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Battle Eve.

I SEE the broad, red, setting sun

Sink slowly down the sky;
I see-amid the cloud-built tents-

His blood-red standard fly;
And meek meanwhile, the pallid moon

Looks from her place on high.

O setting sun, awhile delay !

Linger on sea and shore;
For thousand eyes now gaze on thee,

That shall not see thee more;
A thousand hearts beat proudly now,

Whose race like thine is o'er !

O ghastly moon! thy pallid ray

On paler brows shall lie !
On many a torn and bleeding heart,

On many, a glazing eye;
And breaking hearts shall live to mourn,

For whom 'twere bliss to die !

The Unreturning.

The swallow leaves the ancient eaves,

As in the days agone;
The wheaten fields are all ablaze
And in and out the west wind plays,

Amid the tasseled corn.

The sun's rays light as warm and bright

On clover fields all red; The wild bird wakes his simple song As joyfully, the whole day long,

As if he were not dead !

The summer skies, with softest sighs,

Their rain and sunshine send;
And, standing in the farmhouse door,
I see-dotting the landscape o'er-

The flocks he used to tend.

The woodbine grows-the jasmine blows

Beside the window-sill: Their soft sweet sigh is in the air, For the dead hands that placed them there

On the red field are still.

Around the wolds the summer folds

Her wealth of golden light; And, past the willows' silvery gleam, I catch the glimmering of the stream

And lilies, cool and white.

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But oh! one shade has solemn made

The sunshine and the bloom; His voice, whose sweet and gentle words Were sweeter than the song of birds,

Is silent in the tomb.

How can the day, so bright and gay,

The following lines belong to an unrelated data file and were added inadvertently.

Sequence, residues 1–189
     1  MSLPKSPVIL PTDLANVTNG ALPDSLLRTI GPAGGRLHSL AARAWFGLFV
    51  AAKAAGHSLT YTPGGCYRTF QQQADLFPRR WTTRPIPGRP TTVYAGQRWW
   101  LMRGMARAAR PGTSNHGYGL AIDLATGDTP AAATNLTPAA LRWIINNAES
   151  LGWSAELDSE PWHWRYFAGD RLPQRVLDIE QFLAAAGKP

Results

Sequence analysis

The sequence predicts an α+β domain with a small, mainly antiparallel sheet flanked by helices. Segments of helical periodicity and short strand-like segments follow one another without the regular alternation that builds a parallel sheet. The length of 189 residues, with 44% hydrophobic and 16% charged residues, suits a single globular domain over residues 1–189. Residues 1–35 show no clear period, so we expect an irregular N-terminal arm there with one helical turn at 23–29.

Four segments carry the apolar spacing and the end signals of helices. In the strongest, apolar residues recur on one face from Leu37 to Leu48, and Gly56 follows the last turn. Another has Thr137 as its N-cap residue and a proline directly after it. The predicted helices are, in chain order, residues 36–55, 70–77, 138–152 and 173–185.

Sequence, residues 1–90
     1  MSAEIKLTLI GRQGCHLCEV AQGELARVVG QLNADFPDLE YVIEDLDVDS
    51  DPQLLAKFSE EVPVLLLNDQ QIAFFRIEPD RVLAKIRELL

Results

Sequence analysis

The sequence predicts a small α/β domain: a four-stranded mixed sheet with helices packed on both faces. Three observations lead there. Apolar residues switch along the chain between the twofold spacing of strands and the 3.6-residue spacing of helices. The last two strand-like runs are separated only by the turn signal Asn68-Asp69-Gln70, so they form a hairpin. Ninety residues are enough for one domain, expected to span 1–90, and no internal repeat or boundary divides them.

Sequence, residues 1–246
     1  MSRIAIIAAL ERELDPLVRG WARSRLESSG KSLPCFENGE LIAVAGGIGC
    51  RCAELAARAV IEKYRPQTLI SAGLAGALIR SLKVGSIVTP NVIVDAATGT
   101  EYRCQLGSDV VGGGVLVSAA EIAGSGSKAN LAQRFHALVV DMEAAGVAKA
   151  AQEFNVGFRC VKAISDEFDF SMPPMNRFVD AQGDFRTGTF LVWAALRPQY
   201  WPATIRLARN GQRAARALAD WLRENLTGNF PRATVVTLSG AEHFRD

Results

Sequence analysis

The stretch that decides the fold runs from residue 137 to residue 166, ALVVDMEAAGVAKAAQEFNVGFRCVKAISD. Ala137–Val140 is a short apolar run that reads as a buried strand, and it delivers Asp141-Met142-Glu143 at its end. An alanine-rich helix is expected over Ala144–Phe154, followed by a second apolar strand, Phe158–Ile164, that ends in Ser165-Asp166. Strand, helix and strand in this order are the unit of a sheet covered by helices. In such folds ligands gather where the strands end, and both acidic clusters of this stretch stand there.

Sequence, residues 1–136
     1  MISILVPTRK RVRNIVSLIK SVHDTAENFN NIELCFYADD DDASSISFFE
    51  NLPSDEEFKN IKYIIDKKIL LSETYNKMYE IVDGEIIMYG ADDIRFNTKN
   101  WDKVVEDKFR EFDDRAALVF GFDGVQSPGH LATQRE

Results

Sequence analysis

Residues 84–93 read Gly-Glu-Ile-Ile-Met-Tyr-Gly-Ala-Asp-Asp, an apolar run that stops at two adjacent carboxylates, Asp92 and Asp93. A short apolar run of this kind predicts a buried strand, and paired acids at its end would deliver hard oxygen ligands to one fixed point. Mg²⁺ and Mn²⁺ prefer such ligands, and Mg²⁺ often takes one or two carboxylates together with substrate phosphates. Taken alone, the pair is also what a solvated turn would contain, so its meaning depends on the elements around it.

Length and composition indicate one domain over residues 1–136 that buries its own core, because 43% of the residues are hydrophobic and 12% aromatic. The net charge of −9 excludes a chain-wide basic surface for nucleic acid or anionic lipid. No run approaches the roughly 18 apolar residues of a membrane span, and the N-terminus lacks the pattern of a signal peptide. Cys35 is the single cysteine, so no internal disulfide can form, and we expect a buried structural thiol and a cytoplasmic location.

Glare round the farmhouse door ?
When all the quiet ways he trod
By leafy wood, or blooming sod,

Shall know him nevermore !

The Last of Earth:


Last night a comrade sent in haste

For me to soothe his fearful pain ; He felt Death's power advancing fast,

He knew that hope was vain. God's promises I read again

Till Faith's sweet light shone from his eye; Sole gleam-for sorrow filled me then,

As shadows fill the sky.

A dreary place—that Hospital

Where dim lamps break the solemn gloom, And nurses move with slow footfall,

Like spectres, through the room. Above those cots all miseries blend,

On each some form in suffering lies; Some groan—some sleep-but here one friend

Puts on the angel's guise.

Scarcely I heard the bugle's call,

Scarce felt the night-wind's heavy breath,

I only saw the shadows fall

And the ghastly chill of death,
Save where a pallid splendor lay
Upon his brow-like Martyr's crown-
The sweet foreshadowing of the Day

In which Life's star goes down.


I hear his piteous tones implore

And heed his hand's hot clinging grasp— Pale hands, alas-that nevermore

Shall feel Love's answering clasp. His frenzied spirit flies from pain,

He thinks himself once more at home: “Dear wife-dear child—I'm here again,

Close to me-closer come.

"I could not lag where country led

The voice of wrong could not beguile;
You would not have me stay, you said,

If honor ceased to smile.
Ah ! many fall in this wild strife!

But Freedom holds their memories dear,
And makes a gem of every life-

For the crown she yet shall wear.

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